Louis aims to never repeat the mistake of recycling the same stand-up material: he did it for 15 years (prior to “Shameless”), and – while easy and safe – he found that it held him back creatively, spiritually and professionally. In the same way that a top brand like Apple refuses to settle for “good enough”, Louis is brave enough – and confident enough in his abilities – to annually start from scratch and reinvent his “product.”
No. 4: Be resilient.
The 2006 HBO sitcom “Lucky Louie” was a chance for Louis to share his writing and acting talents with a wide audience, but the show unfortunately lasted for only 13 episodes.
While a period of understandable bummage may have ensued when he received the bad news, Louis eventually shook it off, got back to work on his stand-up routine, and in the process, set the wheels in motion for his hit albums “Chewed Up” and “WORD – Live at Carnegie Hall”, his concert videos “Hilarious” and “Live at the Beacon Theater”, his current HBO special “Oh My God”, and his hit award-winning FX series “Louie”.
When challenged with the demise of “Lucky Louie”, Louis returned to the core business where his success began: stand-up comedy. By creating a consistent flow of superb material, which led to the production and release of a string of successful multimedia entertainment projects, Louis invigorated his brand, reached new audiences and surpassed whatever success and rewards “Lucky Louie” could have possibly delivered to him.
No. 5: Rewrite the rules.
When planning a national tour in 2012, Louis decided to bypass working with Ticketmaster, the entertainment industry’s ticket sales and distribution behemoth. Instead, Louis took a calculated and confident risk: he would cut out the Ticketmaster middleman – which increases event ticket prices by adding a variety of fees – and instead sell lower-priced tickets to his shows exclusively through his website.
The gambit worked: 45 hours after making them available, Louis had sold 100,000 tickets at $45 apiece, resulting in a box office gross of $4.5 million.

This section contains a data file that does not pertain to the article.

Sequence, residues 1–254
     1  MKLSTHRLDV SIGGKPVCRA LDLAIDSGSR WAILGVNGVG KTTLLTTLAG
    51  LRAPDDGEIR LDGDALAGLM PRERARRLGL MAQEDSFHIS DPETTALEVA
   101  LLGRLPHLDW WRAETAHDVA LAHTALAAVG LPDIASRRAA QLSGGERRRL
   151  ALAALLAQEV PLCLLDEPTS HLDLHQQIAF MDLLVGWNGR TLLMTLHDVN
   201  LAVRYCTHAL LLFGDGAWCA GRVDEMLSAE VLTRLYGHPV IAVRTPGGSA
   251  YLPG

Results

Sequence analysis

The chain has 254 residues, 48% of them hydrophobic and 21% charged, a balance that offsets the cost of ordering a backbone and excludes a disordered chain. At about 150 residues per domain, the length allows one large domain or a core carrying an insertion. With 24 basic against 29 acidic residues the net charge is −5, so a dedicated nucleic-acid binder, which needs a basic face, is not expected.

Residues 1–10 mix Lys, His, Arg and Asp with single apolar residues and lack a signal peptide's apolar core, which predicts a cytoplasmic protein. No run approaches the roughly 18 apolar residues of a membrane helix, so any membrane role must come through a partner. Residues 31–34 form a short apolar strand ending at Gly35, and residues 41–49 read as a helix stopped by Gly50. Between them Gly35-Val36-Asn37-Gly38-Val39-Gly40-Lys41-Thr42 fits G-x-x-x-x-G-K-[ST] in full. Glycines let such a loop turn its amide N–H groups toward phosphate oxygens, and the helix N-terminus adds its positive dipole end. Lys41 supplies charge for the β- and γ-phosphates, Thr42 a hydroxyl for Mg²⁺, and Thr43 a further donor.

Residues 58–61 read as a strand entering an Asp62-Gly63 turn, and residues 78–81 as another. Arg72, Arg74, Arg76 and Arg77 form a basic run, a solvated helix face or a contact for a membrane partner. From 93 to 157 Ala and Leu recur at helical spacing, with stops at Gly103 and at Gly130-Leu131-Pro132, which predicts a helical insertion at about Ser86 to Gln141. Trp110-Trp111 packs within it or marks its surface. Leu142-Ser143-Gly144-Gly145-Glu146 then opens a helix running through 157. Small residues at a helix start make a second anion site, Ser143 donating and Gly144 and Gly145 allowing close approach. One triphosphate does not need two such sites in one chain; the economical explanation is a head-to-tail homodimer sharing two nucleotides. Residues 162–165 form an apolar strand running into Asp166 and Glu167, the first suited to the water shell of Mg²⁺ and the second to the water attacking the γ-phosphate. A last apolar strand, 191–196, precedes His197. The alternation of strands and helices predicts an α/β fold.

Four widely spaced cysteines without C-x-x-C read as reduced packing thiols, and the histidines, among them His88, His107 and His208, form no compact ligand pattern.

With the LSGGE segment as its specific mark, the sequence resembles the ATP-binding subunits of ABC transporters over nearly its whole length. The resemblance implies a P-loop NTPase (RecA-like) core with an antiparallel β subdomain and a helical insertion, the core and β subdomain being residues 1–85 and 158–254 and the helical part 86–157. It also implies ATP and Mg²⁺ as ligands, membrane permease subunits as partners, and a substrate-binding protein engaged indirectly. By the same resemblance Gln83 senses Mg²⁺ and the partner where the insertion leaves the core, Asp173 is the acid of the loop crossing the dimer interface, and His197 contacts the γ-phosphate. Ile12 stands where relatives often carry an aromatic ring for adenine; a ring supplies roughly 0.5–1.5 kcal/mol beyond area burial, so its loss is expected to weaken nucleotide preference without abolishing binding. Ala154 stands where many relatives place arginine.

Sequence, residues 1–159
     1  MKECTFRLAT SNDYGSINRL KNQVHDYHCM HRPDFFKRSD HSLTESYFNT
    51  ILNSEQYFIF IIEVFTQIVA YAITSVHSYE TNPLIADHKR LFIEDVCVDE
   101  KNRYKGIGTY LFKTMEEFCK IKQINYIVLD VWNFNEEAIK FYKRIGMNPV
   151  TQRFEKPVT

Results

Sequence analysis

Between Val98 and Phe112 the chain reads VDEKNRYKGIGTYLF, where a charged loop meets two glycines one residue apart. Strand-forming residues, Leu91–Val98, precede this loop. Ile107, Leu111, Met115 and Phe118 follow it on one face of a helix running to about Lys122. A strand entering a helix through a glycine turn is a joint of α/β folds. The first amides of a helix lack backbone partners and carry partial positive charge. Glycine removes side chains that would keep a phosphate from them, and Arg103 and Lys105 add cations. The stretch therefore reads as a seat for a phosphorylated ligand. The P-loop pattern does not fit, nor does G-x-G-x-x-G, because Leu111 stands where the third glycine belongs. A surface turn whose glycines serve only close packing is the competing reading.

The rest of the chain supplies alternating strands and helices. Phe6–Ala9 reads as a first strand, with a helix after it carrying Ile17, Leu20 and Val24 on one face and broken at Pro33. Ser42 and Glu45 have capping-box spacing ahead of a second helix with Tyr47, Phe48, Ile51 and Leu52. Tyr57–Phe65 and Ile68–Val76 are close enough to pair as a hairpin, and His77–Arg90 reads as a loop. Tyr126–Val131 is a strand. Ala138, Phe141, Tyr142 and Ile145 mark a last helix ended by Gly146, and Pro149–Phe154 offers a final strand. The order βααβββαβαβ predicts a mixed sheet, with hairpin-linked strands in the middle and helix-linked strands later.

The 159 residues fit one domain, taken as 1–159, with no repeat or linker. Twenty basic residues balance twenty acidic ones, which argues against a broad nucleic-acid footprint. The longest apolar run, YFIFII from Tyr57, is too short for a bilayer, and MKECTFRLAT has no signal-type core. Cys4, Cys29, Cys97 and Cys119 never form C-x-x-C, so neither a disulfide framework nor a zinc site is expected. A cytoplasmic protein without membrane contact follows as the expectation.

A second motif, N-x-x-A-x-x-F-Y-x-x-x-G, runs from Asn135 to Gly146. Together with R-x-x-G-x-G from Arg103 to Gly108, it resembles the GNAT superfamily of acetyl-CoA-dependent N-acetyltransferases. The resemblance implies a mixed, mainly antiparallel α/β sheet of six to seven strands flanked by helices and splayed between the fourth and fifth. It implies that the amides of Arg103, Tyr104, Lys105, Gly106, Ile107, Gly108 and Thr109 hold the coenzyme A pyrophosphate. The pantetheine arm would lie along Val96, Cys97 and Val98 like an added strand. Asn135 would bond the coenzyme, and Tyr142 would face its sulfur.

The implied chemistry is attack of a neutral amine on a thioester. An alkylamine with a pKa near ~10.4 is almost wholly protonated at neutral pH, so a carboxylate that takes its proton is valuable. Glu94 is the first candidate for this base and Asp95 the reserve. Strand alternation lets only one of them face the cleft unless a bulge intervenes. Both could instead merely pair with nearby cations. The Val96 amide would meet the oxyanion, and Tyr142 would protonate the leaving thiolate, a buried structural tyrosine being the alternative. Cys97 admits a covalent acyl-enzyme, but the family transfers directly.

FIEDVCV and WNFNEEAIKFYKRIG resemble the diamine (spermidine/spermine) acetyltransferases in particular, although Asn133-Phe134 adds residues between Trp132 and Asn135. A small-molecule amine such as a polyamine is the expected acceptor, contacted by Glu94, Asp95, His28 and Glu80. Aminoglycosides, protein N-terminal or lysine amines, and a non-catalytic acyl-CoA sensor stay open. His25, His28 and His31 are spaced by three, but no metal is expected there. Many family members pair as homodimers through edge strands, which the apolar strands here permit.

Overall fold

Louis took a similar revolutionary approach to the sale of his “Live at the Beacon Theater” video. Rather than produce a DVD of the show for distribution through conventional retail channels, Louis made the concert available through his site for $5 per digital download. Over 12 days, “Live at the Beacon Theater” racked up $1 million in sales. According to The Hollywood Reporter, Louis’ innovative direct-to-consumer download distribution model “could shape the way entertainers produce and distribute their own starring vehicles”.
In the same way the sale success of the Kindle Fire changed the tablet game, Louis had the fan base, the courage, and the leverage to change the ticket sales and content distribution games. The marketplace was ready for this shift, and Louis was the right guy to do the shifting.
Louis’s multiple triumphs have been made possible by a smart strategy and the flawless execution of well-timed tactics. The lessons that have driven his amazing accomplishments are universal, and goal-oriented professionals in the worlds of business, sports, government, education, and the non-profit sector would benefit by borrowing pages from his well-written scripts for success.
Rafe Gomez is a principal at VC Inc. Marketing, a provider of SEO lead generation content creation and content marketing services for businesses. Follow him @vcincmarketing.